This article was updated at 4:49 p.m.
NEW YORK — A New York federal judge Thursday denied Martha Stewart’s second request for a new trial, meaning it’s likely the domestic diva will be handed a midsummer invite to the slammer at her sentencing next week.
Her legal team plans to appeal after the July 16 sentencing, at which the unhappy homemaker and her former stockbroker Peter Bacanovic are expected to get 10-16 months in prison.
Lawyers said she will likely have several months to report to jail, taking into account the appeals process. “It’s not like some judge will cart her off to Danbury right away,” said one Manhattan attorney.
Stewart was convicted in March of obstruction of justice and conspiracy in a case that centered around her ill-fated sale of shares in biotech company ImClone in late 2001. The government claimed she sold the stock on a tip from her broker that the ImClone chairman was dumping his shares, and that the pair lied to cover it up. Stewart and Bacanovic insisted they had a pre-existing agreement to sell the shares.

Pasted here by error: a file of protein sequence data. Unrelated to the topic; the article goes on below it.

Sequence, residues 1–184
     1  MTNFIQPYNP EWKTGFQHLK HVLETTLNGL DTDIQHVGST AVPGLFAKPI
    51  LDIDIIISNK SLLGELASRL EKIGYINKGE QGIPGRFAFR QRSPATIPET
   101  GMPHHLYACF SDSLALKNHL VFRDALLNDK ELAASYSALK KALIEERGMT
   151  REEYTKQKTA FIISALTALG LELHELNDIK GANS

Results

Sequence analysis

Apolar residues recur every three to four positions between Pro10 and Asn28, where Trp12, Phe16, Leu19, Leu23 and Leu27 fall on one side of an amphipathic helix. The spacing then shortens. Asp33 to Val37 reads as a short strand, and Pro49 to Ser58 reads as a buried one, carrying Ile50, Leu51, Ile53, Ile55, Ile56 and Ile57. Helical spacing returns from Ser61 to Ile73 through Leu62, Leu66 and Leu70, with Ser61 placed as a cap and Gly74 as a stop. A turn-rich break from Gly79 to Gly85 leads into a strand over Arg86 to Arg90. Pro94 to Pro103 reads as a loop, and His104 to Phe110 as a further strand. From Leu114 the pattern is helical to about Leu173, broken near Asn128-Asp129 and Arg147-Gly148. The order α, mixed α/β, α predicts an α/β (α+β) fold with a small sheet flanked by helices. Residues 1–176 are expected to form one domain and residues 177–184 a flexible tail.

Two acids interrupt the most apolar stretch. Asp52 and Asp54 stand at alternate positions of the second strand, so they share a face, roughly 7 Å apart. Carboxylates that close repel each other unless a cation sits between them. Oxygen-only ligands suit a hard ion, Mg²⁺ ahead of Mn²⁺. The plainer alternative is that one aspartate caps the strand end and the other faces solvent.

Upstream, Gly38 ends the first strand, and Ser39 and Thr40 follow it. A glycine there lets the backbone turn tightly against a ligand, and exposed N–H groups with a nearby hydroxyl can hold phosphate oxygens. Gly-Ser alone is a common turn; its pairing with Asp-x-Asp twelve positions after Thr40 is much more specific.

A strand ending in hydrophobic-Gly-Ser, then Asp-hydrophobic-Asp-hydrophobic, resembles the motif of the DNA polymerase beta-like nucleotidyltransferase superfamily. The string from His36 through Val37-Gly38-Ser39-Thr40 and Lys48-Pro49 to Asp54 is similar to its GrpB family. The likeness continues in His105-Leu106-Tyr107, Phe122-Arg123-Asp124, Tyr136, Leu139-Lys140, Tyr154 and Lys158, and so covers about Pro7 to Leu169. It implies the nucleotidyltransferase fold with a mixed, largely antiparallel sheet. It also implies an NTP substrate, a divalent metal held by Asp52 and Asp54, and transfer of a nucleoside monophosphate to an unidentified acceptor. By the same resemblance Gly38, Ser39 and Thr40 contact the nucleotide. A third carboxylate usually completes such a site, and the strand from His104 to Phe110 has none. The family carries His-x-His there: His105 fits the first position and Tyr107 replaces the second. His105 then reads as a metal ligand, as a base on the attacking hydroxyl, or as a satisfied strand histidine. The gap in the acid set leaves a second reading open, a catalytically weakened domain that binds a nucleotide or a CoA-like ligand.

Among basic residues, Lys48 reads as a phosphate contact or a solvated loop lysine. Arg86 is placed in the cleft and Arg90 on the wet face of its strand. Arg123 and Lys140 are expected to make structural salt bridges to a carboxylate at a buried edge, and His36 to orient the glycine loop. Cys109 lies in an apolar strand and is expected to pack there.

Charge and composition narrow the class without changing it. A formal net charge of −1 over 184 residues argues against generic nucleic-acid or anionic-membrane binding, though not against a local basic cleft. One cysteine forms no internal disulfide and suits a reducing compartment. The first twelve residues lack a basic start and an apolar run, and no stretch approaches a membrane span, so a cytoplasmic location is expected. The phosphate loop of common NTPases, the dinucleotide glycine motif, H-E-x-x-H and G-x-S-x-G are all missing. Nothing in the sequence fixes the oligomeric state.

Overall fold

The sentencing had been postponed to consider the request by Stewart’s lawyers for a retrial after one of the government’s witnesses, an ink expert, was accused of perjury.
U.S. District Judge Miriam Goldman Cedarbaum said there was “no reasonable likelihood that this perjury could have affected the jury’s verdict.” The judge added that “overwhelming independent evidence” supports the jury’s guilty verdict.
Stewart’s lawyer Robert Morvillo said he was “very disappointed” in the decision. “We intend to raise these and other substantive issues on appeal and are hopeful that justice will eventually be done,” he said.
Cedarbaum also declined to hold a hearing that Stewart’s team sought to investigate when prosecutors learned of the alleged perjury by the ink expert and forensic scientist Larry Stewart (no relation) and whether they should have known sooner.
The judge had previously denied a request by Stewart’s lawyers for a retrial when they claimed that an outspoken juror had lied on his jury questionnaire.
Stewart founded Martha Stewart Omnimedia and took it public in 1999, becoming one of the wealthiest and most powerful women in the media industry. She resigned as CEO after she was indicted and left the board of directors after she was convicted. She retains the title of founding editorial director.